And, in their more candid moments, the bishops concede that opening the statute of limitations spigot will cost the church a lot of money. Of the latter, they are surely correct. When California legislators loosened their statute of limitations, more than 800 lawsuits were filed against dioceses in that state. Speaking to The Washington Post, the bishops' general counsel, Mark Chopko, put it this way: "But is the just thing basically to make the patrimony or the treasury of the church vulnerable? We do want to assist victims, and encourage healing, and even do some kinds of financial assistance if that's warranted. But the idea that 'let's all go to the mattresses here and fight about this in the law courts' -- we think that's unjust to everybody."

To hear the bishops, who transferred abusers from one parish to another, knowing that they would continue to rape children, appeal to justice is like watching the young man who killed his parents throwing himself on the a court's mercy because he is now an orphan. By its nature a statute of limitation establishes an arbitrary time period. Legislatures, particularly those presented with extraordinary circumstances (such as a conspiracy to conceal child molestation), can amend such laws. Genuine healing is not likely in the vast majority of clergy molestation cases, but it certainly cannot happen without accountability. In the United States, for good or ill, such accountability comes through the justice system. Justice would be served, not violated, if abuse victims got their day in court.

Which brings us to the issue of money, which is really -- discussions of "reconciliation" and "justice" notwithstanding -- at the heart of the matter. Opening up the statute of limitations "may cause pain, embarrassment and sacrifice for our church, especially in the short term," Gumbleton said. "It may cause some hardship for us financially," he continued. "It might seem easier to keep the evils hidden, to move on and trust that the future will be better. But I am convinced that a settlement of every case by our court system is the only way to protect children and to heal the brokenness within the church."

Rarely does anyone equate legal settlement with healing within a Christian community. Quite the contrary, they would more likely be viewed as opposing values. But what is left?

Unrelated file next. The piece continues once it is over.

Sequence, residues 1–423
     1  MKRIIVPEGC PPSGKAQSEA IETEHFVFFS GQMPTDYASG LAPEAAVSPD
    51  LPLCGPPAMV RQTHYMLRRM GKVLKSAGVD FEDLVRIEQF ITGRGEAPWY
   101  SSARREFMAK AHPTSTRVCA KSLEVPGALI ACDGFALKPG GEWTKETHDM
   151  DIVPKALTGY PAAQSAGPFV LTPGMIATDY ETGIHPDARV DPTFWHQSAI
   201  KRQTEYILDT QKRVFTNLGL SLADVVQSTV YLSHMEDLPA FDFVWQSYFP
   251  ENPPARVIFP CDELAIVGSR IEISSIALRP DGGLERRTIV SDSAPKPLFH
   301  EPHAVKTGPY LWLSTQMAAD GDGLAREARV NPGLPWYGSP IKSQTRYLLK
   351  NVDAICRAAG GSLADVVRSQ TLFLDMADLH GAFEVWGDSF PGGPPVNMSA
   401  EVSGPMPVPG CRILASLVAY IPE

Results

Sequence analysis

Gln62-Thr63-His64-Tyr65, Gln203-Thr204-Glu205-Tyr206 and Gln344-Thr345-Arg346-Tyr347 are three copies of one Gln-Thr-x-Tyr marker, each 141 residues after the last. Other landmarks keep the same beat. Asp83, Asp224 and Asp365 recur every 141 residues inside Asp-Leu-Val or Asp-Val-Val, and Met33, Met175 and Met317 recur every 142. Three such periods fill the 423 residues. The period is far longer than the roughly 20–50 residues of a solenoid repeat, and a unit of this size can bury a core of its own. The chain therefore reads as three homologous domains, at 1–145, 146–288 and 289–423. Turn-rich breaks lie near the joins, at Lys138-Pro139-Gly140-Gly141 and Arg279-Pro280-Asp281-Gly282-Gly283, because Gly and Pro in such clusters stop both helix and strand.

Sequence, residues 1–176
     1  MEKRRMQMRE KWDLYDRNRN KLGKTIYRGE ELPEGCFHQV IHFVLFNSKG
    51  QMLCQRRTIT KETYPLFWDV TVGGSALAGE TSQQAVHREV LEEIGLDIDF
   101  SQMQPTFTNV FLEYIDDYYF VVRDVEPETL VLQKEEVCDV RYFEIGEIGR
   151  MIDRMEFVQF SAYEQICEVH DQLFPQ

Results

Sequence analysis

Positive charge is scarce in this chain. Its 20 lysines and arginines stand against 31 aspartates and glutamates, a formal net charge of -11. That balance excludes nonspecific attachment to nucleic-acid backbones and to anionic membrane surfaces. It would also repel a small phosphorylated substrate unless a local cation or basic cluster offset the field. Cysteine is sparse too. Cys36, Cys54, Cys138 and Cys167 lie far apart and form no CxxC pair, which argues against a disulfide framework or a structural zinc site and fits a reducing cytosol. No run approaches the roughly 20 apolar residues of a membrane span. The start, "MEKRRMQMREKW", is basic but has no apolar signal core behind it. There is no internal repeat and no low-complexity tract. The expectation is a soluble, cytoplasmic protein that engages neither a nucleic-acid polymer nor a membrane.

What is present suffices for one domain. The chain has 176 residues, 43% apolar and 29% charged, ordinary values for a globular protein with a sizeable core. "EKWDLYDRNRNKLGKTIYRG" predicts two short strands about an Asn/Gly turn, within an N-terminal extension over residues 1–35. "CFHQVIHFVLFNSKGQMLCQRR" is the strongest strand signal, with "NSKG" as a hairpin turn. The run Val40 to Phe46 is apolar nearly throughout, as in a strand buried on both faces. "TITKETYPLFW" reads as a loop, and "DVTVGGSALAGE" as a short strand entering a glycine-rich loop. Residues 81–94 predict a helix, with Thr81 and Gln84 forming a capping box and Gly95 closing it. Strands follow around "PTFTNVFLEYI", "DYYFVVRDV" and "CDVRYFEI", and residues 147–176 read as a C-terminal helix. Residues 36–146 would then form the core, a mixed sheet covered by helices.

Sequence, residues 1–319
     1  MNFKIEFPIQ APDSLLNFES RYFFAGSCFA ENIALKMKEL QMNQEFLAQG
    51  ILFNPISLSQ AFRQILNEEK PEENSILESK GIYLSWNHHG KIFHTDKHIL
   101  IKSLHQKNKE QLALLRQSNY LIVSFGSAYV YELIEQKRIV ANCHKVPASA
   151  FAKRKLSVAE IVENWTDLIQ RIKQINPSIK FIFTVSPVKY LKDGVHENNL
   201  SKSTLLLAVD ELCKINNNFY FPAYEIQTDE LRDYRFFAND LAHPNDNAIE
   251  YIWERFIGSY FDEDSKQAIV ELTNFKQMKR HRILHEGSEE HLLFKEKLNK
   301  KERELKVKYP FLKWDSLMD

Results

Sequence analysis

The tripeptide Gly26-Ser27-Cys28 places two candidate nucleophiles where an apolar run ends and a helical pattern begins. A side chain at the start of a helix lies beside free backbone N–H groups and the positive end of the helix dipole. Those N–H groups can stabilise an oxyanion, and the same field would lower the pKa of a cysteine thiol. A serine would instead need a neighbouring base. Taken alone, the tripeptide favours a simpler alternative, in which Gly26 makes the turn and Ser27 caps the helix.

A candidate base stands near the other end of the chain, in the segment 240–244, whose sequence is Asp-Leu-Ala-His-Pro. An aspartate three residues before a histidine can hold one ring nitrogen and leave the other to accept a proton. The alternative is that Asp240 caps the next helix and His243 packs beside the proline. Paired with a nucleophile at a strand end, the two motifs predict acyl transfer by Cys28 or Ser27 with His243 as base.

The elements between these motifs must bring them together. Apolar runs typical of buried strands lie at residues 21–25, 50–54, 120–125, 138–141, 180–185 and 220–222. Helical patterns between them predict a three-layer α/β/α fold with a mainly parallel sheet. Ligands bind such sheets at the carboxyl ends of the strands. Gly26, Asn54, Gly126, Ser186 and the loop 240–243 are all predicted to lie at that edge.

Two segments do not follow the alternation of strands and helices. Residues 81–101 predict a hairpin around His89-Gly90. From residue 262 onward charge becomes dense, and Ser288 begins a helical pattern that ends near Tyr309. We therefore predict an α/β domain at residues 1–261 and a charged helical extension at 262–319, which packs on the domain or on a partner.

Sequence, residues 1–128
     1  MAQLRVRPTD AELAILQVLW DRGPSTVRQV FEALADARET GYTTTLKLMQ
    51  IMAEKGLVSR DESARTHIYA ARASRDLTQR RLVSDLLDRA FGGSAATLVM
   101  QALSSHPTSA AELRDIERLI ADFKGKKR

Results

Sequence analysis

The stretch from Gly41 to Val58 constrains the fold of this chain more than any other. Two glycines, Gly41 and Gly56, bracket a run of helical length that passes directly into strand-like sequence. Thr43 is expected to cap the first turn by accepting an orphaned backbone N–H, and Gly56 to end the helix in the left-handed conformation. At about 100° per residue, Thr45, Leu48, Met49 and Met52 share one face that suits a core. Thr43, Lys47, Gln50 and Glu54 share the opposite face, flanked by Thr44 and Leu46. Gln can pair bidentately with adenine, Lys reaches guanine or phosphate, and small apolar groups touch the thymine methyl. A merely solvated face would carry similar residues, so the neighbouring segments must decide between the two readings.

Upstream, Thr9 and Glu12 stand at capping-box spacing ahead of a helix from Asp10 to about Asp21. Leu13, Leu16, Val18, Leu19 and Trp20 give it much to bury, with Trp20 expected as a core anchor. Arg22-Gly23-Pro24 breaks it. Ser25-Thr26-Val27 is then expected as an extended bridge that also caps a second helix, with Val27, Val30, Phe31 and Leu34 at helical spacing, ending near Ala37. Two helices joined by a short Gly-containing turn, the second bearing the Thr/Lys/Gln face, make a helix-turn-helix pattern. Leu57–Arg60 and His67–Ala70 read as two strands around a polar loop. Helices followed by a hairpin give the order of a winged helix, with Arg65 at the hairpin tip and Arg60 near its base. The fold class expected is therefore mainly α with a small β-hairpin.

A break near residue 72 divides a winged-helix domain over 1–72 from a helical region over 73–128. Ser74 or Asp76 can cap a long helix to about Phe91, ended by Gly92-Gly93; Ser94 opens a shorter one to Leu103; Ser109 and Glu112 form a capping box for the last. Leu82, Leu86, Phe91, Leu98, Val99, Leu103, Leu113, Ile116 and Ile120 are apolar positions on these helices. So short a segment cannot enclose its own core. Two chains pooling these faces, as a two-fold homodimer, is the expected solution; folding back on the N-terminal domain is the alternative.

One could argue that placing the treasury of the church in such jeopardy could end up changing the character of the church. Certainly bishops in Washington and Oregon or in Massachusetts could testify to that concern. But the character of the church itself was placed in jeopardy more than 20 years ago when, facing the choice early in the scandals, many bishops walked away from their instincts as pastors and hid behind their lawyers.

The irony, of course, is that that strategic course was taken to protect the church's treasury, its reputation and the high station enjoyed by its priests. The strategy has backfired at every turn.

Gumbleton quoted from the 1971 Synod of Bishops on Justice in the World: "Anyone who ventures to speak to people about justice must first be just in their eyes." He also said, "It's sad the church must be compelled through a court of law to do what it should be doing pastorally."

To act pastorally is to act accountably, with transparency and deep concern for those in your care. All of that has been violated for years in the context of the bishops' handling of the sex abuse crisis. That is why, as the calendar turns another page, the crisis remains with the church. Victims have nothing now but the courts in which to force a reckoning.

Gumbleton has placed himself among them, another voice seeking accountability.